Centre for Avian Population Studies

The Centre for Avian Population Studies (CAPS) is the knowledge centre for research on bird populations in the Netherlands. Five leading organisations in the fields of ornithology and population studies collaborate within CAPS: Sovon Dutch Centre for Field Ornithology, the Dutch Centre for Avian Migration and Demography (Vogeltrekstation), the Netherlands Institute of Ecology, the Institute for Water and Wetland Research of the Radboud University and the Dutch BirdLife partner (Vogelbescherming Nederland).

Latest news

Why CAPS?

The activities of our growing human population affect many bird species. Some populations are decreasing despite our efforts to protect them, while others increase rapidly and cause damage to crops or vulnerable species.
By combining the data and expertise of the five partners, we can discover population changes in an early stage (‘early warning’) and determine their causes. With this knowledge, we can help design science-based management and conservation measures.

Our main aim is therefore:
“To promote research on demography (numbers, reproduction and survival) and driving environmental factors of bird populations for effective species conservation and management.”

Recent projects

AI toolkit for phenotyping bird populations

Research on chick survival within the Lapwing year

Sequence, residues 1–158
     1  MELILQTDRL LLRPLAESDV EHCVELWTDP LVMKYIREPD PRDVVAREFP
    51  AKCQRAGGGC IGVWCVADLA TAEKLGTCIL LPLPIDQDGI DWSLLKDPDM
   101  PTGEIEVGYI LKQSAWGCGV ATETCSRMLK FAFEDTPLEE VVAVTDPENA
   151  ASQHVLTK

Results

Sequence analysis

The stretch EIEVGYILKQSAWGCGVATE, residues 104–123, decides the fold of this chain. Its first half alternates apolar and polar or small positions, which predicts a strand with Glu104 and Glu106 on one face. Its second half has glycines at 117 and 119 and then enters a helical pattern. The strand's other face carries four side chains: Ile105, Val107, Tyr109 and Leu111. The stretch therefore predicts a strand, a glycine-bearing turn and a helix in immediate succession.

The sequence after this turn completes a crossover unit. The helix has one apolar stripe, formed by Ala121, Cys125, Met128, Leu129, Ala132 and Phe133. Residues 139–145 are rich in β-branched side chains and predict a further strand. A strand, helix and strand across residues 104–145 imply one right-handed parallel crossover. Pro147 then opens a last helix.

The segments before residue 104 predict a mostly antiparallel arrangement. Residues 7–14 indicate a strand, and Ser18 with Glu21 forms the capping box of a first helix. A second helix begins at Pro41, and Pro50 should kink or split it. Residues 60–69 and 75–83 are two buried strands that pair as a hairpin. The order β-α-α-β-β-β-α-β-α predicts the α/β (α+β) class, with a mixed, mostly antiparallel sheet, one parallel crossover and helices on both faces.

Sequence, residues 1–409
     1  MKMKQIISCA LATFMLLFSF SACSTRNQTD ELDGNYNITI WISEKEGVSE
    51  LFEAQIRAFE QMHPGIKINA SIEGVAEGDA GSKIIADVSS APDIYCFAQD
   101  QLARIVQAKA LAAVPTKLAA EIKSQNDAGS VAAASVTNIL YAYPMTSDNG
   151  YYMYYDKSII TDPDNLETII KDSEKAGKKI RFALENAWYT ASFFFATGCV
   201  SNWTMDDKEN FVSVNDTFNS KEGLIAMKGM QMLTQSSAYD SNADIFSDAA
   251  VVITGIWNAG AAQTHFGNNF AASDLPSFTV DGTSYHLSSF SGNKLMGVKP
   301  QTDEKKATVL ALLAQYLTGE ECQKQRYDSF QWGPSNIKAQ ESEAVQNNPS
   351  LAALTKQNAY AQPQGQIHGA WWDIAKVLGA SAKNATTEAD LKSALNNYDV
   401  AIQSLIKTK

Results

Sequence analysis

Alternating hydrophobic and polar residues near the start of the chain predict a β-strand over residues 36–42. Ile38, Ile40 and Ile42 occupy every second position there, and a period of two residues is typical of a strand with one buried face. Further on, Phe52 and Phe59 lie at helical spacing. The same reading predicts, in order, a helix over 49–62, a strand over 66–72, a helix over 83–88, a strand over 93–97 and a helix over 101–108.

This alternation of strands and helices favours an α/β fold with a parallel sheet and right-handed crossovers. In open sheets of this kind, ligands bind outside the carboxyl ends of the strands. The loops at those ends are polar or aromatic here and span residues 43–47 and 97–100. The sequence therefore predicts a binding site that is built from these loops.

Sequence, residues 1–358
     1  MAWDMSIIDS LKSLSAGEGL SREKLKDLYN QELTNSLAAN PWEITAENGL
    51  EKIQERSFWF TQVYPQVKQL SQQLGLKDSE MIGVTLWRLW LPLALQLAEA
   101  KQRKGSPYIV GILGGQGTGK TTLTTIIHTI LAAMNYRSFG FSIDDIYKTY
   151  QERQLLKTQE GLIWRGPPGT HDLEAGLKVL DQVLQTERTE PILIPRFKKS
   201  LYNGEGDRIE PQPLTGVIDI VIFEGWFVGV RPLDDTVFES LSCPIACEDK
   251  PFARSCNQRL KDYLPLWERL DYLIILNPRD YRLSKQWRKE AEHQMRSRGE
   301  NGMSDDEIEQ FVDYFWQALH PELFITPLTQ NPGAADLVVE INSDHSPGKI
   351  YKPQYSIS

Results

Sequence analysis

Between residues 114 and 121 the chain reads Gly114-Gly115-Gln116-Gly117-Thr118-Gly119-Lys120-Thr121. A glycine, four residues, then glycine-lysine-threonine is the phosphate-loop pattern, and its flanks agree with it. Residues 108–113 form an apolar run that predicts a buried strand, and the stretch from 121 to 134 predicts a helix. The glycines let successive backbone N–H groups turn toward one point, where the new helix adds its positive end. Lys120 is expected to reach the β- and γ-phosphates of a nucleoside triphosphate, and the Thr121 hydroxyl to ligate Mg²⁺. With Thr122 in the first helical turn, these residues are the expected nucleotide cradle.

Research on chick survival within the Lapwing year

Are the birds starving? How pesticides affect insectivorous birds.

Are the birds starving? How pesticides affect insectivorous birds.

CAPS for you

What can CAPS offer you as a client? CAPS can answer diverse questions on bird populations.
Fundamental ecological questions, such as:

  • What determines whether a species can adapt to novel environments?
  • To what extent do individual characteristics determine the growth or decline of a population?

But also more applied questions, such as:

  • How can damage to crops caused by grazing geese be limited?
  • What effect does your company have on vulnerable bird populations and how can this be mitigated?
  • Why are farmland birds still decreasing despite costly conservation efforts? And what can we do about this?
  • Which common bird species may become vulnerable in the near future?
  • What is the minimum size of a sustainable population?

Our partners

CAPS is a collaboration of five organisations.
It is managed by a Steering Committee, consisting of representatives from each organisation. The Steering Committee is assisted by a coordinator for day-to-day business.